According to ancient classical authors, the Phoenicians were a people who occupied the coast of the Levant (eastern Mediterranean). Their major cities were Tyre, Sidon, Byblos, and Arwad. All were fiercely independent, rival cities and, unlike the neighboring inland states, the Phoenicians represented a confederation of maritime traders rather than a defined country. What the Phoenicians actually called themselves is unknown, though it may have been the ancient term Canaanite. The name Phoenician, used to describe these people in the first millennium B.C., is a Greek invention, from the word phoinix, possibly signifying the color purple-red and perhaps an allusion to their production of a highly prized purple dye.
With the exception of Byblos, which had been a flourishing center from at least the third millennium B.C., the Phoenician cities first emerged as urban entities around 1500 B.C. As Egyptian and Near Eastern documents record, the Late Bronze Age (1550–1200 B.C.) was a time of economic prosperity for these trading centers. Confined to a narrow coastal strip with limited agricultural resources, maritime trade was a natural development. With the decline of Egyptian influence about 1200 B.C., the cities were freed from foreign domination. The ultimate collapse of Egyptian power in the region occurred about 1175 B.C. at the hands of the Sea Peoples, of whom the best known are the Philistines. Along with Israelites, they settled in the southern Levant. For reasons not yet fully understood, the massive disruptions caused elsewhere in the Levant appear to have had a minimal effect upon the Phoenician coastal centers. There is therefore much continuity in Phoenician traditions from the Late Bronze Age until the Hellenistic period around 300 B.C.
By the late eighth century B.C., the Phoenicians, alongside the Greeks, had founded trading posts around the entire Mediterranean and excavations of many of these centers have added significantly to our understanding of Phoenician culture. Sea traders from Phoenicia and Carthage (a Phoenician colony traditionally founded in 814 B.C.) even ventured beyond the Strait of Gibraltar as far as Britain in search of tin. However, much of our knowledge about the Phoenicians during the Iron Age (1200–500 B.C.) and later is dependent on the Hebrew Bible, Assyrian records, and Greek and Latin authors. For example, according to the Greek historian Herodotus, Phoenician sailors, at the request of the pharaoh Necho II (r. ca. 610–595 B.C.), circumnavigated Africa.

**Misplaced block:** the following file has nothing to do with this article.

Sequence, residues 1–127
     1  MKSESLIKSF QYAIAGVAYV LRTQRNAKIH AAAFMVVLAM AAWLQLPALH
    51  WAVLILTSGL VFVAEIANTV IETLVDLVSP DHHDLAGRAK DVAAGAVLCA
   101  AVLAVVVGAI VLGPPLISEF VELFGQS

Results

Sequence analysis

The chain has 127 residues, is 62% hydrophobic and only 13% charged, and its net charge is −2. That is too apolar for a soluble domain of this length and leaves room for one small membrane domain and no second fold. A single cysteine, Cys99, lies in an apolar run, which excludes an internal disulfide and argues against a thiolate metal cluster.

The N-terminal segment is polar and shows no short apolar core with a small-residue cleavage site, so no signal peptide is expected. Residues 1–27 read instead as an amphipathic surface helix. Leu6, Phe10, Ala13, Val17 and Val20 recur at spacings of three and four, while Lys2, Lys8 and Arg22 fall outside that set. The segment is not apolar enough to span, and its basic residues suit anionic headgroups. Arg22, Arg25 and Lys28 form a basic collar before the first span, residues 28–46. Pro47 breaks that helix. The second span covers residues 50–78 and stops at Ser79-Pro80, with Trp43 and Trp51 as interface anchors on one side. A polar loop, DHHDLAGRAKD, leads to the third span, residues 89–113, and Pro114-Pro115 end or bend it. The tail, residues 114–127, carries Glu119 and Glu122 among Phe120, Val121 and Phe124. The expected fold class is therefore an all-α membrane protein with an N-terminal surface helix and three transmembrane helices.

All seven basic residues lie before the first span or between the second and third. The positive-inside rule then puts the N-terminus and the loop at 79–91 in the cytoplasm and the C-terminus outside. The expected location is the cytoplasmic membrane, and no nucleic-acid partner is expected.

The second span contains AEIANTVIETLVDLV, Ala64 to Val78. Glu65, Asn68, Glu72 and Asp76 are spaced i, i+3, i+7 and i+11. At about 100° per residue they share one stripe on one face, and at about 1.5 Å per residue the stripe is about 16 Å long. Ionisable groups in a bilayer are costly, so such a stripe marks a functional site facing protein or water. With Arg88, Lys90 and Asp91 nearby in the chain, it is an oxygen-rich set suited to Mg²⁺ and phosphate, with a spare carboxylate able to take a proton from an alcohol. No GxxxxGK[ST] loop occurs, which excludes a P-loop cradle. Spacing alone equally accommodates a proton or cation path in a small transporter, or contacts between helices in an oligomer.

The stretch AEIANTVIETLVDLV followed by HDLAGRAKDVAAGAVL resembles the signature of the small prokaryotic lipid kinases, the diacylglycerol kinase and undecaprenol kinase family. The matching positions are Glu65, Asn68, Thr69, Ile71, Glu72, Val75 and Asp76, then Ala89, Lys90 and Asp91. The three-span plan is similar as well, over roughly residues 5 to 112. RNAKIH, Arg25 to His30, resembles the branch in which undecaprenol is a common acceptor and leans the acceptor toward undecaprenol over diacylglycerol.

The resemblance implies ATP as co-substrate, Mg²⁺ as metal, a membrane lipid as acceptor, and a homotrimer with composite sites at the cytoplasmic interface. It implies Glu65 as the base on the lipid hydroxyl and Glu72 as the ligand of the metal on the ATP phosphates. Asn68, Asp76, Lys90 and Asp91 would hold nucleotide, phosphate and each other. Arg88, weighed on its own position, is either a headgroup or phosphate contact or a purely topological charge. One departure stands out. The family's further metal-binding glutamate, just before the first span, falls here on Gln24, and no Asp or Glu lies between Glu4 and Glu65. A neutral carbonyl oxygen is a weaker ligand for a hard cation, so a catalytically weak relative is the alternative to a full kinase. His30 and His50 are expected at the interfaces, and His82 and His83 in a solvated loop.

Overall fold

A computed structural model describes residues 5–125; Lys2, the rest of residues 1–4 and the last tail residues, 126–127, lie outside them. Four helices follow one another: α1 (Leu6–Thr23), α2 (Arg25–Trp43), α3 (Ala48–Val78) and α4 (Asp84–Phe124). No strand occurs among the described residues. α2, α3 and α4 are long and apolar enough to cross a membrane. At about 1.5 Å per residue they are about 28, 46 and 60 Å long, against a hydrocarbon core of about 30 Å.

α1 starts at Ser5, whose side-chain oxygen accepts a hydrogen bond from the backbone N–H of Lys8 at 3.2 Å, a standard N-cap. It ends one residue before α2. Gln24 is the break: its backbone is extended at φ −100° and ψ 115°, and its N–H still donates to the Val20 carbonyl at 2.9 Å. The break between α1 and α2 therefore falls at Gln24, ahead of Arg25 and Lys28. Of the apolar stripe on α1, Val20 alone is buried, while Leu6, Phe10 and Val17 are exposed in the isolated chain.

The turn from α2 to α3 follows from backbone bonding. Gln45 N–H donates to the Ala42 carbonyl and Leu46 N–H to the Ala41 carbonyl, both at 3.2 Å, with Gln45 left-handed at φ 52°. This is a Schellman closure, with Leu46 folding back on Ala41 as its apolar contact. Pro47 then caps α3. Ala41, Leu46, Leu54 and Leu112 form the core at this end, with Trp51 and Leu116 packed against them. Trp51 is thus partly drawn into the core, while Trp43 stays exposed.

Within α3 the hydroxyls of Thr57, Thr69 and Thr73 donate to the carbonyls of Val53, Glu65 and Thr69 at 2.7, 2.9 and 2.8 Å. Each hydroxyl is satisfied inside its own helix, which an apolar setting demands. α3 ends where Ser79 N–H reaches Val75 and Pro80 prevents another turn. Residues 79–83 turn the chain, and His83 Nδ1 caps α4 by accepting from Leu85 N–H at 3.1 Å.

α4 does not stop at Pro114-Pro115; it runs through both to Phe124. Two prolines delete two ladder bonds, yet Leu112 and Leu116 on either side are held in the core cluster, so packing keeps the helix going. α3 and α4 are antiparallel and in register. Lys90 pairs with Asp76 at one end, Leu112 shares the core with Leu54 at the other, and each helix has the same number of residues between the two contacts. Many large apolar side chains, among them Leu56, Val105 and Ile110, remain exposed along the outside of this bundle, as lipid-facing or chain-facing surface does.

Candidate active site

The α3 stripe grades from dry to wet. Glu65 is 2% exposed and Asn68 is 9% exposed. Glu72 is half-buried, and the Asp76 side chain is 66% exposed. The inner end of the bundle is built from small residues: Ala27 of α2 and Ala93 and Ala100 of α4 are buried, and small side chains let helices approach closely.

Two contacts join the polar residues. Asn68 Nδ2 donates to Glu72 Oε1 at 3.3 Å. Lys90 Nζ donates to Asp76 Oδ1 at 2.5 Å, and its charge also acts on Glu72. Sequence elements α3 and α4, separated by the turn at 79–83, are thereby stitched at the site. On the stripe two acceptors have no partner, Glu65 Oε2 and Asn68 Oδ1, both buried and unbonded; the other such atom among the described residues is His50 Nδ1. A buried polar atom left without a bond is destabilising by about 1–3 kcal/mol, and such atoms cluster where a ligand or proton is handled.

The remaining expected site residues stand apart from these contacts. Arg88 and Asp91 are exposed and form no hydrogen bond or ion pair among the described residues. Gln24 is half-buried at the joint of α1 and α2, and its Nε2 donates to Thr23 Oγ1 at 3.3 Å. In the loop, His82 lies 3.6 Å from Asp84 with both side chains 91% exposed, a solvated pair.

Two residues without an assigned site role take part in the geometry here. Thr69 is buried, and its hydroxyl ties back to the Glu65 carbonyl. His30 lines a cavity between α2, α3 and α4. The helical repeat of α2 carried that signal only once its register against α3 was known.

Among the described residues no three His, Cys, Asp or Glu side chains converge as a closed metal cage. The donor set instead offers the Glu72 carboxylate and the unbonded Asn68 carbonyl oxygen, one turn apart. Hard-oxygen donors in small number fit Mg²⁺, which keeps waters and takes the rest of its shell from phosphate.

The main natural resources of the Phoenician cities in the eastern Mediterranean were the prized cedars of Lebanon and murex shells used to make the purple dye. Phoenician artisans were skilled in wood, ivory, and metalworking, as well as textile production. In the Old Testament (2 Chron.), the master craftsman Hiram of Tyre was commissioned to build and embellish the temple of Solomon in Jerusalem. Homer’s Iliad describes a prize at the funeral games of Patroklos as a mixing bowl of chased silver—”a masterpiece of Sidonian craftsmanship” (Book 13). It also mentions that the embroidered robes of Priam’s wife, Hecabe, were “the work of Sidonian women” (Book 6). Phoenician art is in fact an amalgam of many different cultural elements—Aegean, northern Syrian, Cypriot, Assyrian, and Egyptian. The Egyptian influence is often especially prominent in the art but was constantly evolving as the political and economic relations between Egypt and the Phoenician cities fluctuated. Perhaps the most significant contribution of the Phoenicians was an alphabetic writing system that became the root of the Western alphabets when the Greeks adopted it.
Department of Ancient Near Eastern Art. “The Phoenicians (1500–300 B.C.).” In Heilbrunn Timeline of Art History. New York: The Metropolitan Museum of Art, 2000–. http://www.metmuseum.org/toah/hd/phoe/hd_phoe.htm (October 2004)
Lipiński, Edward. "The Phoenicians." In Civilizations of the Ancient Near East, vol. 2, edited by Jack M. Sasson, pp. 1321–33. . New York: Scribner, 1995.
Markoe, Glenn. Phoenicians. Berkeley: University of California Press, 2000.